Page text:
When life gets full of stress and chaos one of my escapes is to read. I read whenever I can. One of my favorite times to read during the week is at work during my lunch break. It is a great way to escape for a little bit during each day. Now that the warm weather is here I can sit out on the patio and enjoy to warmer, sunny weather and almost forget where I am.

I am currently reading another book for the local audubon nature book club. Meeting is on Monday nite so I hope I get to go.

The book is: "Sippewissett: or, Life on a Salt Marsh" by Tim Traver.

I have been enjoying reading about someplace local. I think we will take a ride down there to see the marsh for ourselves.

From Booklist
*Starred Review* Tim Traver has created a wonderfully unique piece of genre blending in his elegant rumination on Sippewissett, the Cape Cod salt marsh he has known since childhood. By including both a rich history of the nearby Woods Hole Oceanographic Institute (along with fascinating profiles of the many scientists associated with it over the years) and stories about his family's long relationship with the marsh, he provides the reader with a work that is equal parts natural history and memoir. As he ponders the accomplishments and impact of naturalist luminaries Louis Agassiz, Spencer Baird, and Rachel Carson, he places their historic research in the context of the marsh's present condition. This transition is made easy by his family's deep connection to the region, which he shares in passages echoing George Howe Colt's National Book Award finalist, The Big House (2003). Traver has the same deep attachment to the land as Colt, but his scientific background and attention to the region's marine biology raises the book to a higher level. Sippewissett is a rare book, as it both informs and entrances. A delight from beginning to end. Colleen Mondor
Copyright © American Library Association. All rights reserved --This text refers to the Hardcover edition.
"Traver, a third-generation Cape Cod salt marsh inhabitant, has the distinctive and wonderful perspective that comes from loving--and sometimes leaving--a place of true natural wonder. Spending near-idyllic boyhood summers in Sippewissett, MA, Traver grew up exploring the natural world around him. Revisiting those childhood memories, now tempered by marriage and fatherhood, he looks at many vital and potentially contentious issues from both sides of the proverbial coin--that of the scientist/environmentalist and the local--and speaks with understanding and empathy for both. In this wonderful blend of natural history and memoir, Traver details both the ecology and the history of Sippewissett, describing the people and creatures that he encounters, and chronicles the daily turning of the tides. Educational, touching, and highly relevant in today's changing ecological world, this marvelous book is highly recommended for public and academic libraries."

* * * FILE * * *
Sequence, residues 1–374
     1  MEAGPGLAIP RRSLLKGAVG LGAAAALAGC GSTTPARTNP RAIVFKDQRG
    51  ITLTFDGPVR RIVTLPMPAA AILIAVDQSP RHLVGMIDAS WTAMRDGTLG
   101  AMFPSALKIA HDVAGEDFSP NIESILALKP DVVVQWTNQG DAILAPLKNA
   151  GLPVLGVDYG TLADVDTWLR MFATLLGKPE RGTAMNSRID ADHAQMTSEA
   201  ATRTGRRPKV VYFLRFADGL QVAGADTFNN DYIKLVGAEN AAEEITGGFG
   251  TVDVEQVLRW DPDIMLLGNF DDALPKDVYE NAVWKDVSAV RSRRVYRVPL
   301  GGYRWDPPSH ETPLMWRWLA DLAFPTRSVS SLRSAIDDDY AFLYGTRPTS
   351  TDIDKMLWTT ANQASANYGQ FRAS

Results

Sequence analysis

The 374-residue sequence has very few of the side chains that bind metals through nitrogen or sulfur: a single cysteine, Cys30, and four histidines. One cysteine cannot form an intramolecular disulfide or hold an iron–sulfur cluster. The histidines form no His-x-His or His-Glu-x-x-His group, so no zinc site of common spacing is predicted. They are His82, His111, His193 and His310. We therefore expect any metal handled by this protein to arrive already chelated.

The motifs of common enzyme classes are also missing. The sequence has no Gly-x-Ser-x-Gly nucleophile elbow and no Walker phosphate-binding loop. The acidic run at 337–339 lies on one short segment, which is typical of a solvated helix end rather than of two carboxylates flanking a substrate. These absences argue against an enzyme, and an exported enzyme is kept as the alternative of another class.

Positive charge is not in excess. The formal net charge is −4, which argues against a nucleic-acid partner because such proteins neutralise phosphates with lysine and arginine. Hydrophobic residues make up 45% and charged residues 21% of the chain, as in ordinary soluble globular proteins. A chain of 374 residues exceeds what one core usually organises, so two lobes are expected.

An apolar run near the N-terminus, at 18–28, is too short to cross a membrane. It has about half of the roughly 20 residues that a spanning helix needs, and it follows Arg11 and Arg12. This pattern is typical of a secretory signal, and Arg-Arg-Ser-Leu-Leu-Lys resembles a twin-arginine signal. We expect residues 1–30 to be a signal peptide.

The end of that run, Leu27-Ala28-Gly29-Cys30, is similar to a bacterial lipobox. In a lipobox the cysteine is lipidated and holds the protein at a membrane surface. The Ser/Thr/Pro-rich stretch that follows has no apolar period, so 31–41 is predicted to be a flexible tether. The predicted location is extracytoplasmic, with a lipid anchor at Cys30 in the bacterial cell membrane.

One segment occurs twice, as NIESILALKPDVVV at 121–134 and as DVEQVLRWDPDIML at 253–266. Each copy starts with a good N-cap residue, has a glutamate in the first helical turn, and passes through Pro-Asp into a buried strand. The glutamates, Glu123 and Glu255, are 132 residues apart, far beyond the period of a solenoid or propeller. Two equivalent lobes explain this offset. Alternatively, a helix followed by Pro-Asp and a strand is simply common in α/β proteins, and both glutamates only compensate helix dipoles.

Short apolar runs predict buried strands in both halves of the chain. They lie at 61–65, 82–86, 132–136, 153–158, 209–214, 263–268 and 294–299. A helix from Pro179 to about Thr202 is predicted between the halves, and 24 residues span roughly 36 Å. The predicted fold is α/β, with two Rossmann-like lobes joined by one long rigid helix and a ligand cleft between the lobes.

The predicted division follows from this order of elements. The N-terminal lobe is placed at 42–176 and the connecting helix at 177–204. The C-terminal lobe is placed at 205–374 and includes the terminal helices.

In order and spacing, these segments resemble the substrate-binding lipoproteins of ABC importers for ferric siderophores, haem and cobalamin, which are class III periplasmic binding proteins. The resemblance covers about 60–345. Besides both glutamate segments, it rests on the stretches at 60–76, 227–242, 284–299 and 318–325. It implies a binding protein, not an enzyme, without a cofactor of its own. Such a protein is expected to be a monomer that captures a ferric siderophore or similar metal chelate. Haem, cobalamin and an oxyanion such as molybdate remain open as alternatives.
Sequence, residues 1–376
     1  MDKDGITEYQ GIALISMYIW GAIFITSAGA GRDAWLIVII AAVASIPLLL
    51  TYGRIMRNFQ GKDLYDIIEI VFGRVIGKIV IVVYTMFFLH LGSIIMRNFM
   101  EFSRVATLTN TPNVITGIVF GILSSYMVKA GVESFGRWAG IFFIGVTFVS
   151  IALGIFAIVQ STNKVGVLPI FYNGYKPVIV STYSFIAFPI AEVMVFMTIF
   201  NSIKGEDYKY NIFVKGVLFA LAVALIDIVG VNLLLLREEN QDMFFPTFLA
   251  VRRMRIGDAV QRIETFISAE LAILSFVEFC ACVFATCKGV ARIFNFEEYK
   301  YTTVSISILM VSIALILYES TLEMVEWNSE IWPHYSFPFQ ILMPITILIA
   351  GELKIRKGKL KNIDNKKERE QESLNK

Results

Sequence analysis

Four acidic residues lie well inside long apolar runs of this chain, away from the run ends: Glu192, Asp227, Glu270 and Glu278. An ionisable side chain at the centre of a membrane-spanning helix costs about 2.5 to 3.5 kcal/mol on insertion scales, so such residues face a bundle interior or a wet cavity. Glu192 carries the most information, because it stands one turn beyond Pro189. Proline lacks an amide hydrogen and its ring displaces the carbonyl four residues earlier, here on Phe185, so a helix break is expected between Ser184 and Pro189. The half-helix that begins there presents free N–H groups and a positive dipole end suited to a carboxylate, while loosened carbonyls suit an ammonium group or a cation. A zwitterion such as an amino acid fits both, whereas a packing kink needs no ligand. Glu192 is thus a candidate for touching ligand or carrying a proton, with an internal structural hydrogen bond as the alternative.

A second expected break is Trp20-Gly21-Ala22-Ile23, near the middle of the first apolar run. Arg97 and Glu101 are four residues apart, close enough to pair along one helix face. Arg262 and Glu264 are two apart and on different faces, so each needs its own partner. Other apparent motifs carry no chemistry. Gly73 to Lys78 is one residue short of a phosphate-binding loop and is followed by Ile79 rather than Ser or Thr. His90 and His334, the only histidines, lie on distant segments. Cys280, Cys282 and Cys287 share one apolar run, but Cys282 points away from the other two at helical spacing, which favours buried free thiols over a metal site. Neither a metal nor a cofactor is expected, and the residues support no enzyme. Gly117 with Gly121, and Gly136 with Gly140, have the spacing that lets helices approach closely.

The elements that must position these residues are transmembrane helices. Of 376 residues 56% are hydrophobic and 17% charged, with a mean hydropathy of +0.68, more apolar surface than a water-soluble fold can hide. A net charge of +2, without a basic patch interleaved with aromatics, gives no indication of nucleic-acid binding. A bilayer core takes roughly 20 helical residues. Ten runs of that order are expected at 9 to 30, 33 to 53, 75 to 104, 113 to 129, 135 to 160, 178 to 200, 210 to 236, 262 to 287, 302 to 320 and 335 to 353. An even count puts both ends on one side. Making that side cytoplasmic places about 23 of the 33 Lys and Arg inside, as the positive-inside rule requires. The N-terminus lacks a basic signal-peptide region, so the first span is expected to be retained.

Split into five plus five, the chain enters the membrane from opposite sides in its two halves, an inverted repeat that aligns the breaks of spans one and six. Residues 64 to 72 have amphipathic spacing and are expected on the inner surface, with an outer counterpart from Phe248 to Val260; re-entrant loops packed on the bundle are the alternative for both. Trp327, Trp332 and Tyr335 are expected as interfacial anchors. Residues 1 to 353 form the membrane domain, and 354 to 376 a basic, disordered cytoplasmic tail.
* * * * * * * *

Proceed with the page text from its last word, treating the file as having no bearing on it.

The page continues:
--Susan E. Brazer, Salisbury Univ. Lib., MD, Library Journal Starred Review

Biologists (including Louis Agassiz and Rachel Carson) have long been drawn to the patch of Cape Cod marsh where Traver spent his boyhood summers and to which he still returns. His reflections on the fauna, flora, habitats, and human culture eloquently weave together ecology, history, and memory. He offers enticing discussions of tidal flows, spawning runs, eelgrass beds, clam hunts, and even the microbial communities in the muds. And his treatment of sometimes contentious conservation issues demonstrates his recognition of the challenges facing those who wish to sustain their sense of home.
Science, August 2007
This past weekend I went to my sister's and helped her do a craft project with Josh and Zach. We helped them make Mother's Day gifts for their mom and other grand mothers.

Leslie had gotten some blank oval wooden plaques that had ribbons attached to the back for hanging. We let the boys paint them how ever they wanted and then we decoupaged photos of them onto the plaques. They came out really great and I got to take some new photos of them too!!!

Anyone who knows me well knows that I love animals and that I would be a Crazy Cat Lady if I hadn't found Gene, who is the total and complete love of my life.

I soooo love kitties. I adore them. Many have touched my life and I am totally heart broken when they must cross over. I imagine them in kitty heaven where there is always a sunny spot to stretch out in and plenty of treats.

I miss these kitties so very much and am thankful for the joy and love they brought into my life.



Little Bit